Facebook is also showing more intention to jump into the bandwagon that is the region’s ecommerce. The social network has launched Marketplace feature in Thailand and Singapore without much fanfare, but the recent partnership with Kasikorn Bank in Thailand to allow in-app payment feature might be the start of the company’s effort to bulk up its commerce capabilities and cater to those that utilized the platform for their business.

Facebook partners with Thailand’s Kasikorn Bank to enable transfers and card payments on chats from Facebook Messenger; Facebook

 

In a bid to recruit more brands to sell on their platforms, we anticipate that e-marketplaces will continue to go head-to-head with each other through new services, acquisitions, and partnerships. Ready to burn more cash to win in this battle, e-marketplaces?

4. Brands to Reinforce Reviews and Fund User-Generated Content to Win Ecommerce Consumers

E-marketplaces in Southeast Asia has been upscaling and building add-ons which provide consumers with the utmost convenience. The search for better technology and assistance for the consumers is constant and never-ending.

Lazada introduces AI-powered image search feature onto its platform which allows shoppers to take a picture of an item and the platform will suggest similar items available; LiveatPC

Online consumers begin their online purchasing journeys by searching for product information or reading reviews, usually on the e-marketplace platforms, before making their purchase decision. They are looking for real opinions and user-generated reviews to validate the products.

The habit of leaving product reviews on ecommerce platform is not as common in Southeast Asia as it is in the US — Amazon even have dedicated page for top reviewers — and when they do, the reviews usually left little information about the product and more about the other aspect of the purchase (i.e. delivery time, packaging, etc).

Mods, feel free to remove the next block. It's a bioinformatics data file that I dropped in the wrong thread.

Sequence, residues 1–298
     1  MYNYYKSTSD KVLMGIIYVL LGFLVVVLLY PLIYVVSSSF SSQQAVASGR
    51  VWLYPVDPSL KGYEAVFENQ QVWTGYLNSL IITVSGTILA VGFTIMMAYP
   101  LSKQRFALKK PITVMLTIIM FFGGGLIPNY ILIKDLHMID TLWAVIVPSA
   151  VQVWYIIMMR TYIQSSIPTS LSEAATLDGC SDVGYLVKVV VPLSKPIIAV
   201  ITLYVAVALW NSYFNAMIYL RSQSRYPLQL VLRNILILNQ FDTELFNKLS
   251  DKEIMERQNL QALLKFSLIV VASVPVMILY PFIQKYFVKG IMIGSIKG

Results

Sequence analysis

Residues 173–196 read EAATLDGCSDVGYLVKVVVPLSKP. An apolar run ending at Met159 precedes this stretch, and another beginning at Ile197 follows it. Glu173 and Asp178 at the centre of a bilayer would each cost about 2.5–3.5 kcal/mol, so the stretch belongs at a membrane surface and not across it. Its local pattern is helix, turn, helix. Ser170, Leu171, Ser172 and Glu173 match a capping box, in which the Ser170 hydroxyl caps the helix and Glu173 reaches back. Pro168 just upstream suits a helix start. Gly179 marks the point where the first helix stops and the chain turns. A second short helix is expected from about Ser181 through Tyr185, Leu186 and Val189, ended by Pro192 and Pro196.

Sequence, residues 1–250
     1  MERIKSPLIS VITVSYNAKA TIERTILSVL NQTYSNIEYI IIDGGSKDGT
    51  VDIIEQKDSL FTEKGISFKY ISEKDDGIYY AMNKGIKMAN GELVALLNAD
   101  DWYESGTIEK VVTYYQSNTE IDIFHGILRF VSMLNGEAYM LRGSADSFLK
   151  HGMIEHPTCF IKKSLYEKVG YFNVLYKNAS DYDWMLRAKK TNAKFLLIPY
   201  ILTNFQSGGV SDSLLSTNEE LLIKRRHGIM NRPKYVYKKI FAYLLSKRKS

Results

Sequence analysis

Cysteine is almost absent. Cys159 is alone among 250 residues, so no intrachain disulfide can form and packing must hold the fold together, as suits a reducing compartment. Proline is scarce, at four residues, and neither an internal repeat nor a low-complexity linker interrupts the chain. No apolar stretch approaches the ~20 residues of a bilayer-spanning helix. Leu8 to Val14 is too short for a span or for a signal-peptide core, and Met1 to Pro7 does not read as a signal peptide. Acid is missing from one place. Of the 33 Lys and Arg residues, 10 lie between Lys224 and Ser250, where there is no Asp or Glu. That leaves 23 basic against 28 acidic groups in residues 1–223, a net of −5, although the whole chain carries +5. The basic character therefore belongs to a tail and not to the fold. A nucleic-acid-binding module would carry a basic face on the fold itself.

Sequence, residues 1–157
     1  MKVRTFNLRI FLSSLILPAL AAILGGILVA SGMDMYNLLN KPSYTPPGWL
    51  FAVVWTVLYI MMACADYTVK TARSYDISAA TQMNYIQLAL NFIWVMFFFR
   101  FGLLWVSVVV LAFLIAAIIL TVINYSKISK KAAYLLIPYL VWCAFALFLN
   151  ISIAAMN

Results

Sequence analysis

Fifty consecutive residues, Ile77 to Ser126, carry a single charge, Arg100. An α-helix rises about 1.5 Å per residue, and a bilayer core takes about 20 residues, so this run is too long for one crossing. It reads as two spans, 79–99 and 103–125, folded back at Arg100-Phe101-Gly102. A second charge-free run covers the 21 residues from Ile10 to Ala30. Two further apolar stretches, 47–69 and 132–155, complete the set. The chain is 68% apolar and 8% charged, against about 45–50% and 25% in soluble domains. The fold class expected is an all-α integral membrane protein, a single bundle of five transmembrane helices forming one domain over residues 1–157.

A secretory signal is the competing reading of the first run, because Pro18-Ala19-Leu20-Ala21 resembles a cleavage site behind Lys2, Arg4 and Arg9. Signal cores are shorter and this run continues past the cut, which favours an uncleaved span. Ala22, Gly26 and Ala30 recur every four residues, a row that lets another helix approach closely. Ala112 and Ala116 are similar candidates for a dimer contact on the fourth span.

Platforms like ReviewIQ are used by brands to increase their ratings and reviews engagement on their e-marketplace listings to help boost consumers make their decision. While the use of chatbots is an increasingly popular solution to help smooth the online customer experience, it’s more suitable for generic questions such as “where is my order?” or “is this product available?” instead of personalised questions such as “will this lipstick look good on a yellow-undertone skin?”.

Community-crowd model like one that’s popular with travel platforms such as Airbnb might also be suitable for ecommerce in the region to help consumers get passed their apprehension with online shopping — something that Edouard Steinert, aCommerce Thailand’s Director of Channel Management, is investigating to help the company’s clients as this model has shown to save time, increase results, and keep costs low.

“Consumers today want to hear genuine feedback and reviews about a product and become more averse to hard-sell methods. [User-generated] Reviews, especially from people who share the same passion with them, proved to drive better conversion for the brand,” added Edouard Steinert.

5. Brands Employ Direct-to-Consumer strategies to Acquire Direct Consumer Data

89% of companies are now competing mostly on a customer experience playing field and the Direct-to-Consumer (DTC) approach is becoming more important for brands as it allows them to gain insights into their end users and anticipate their needs.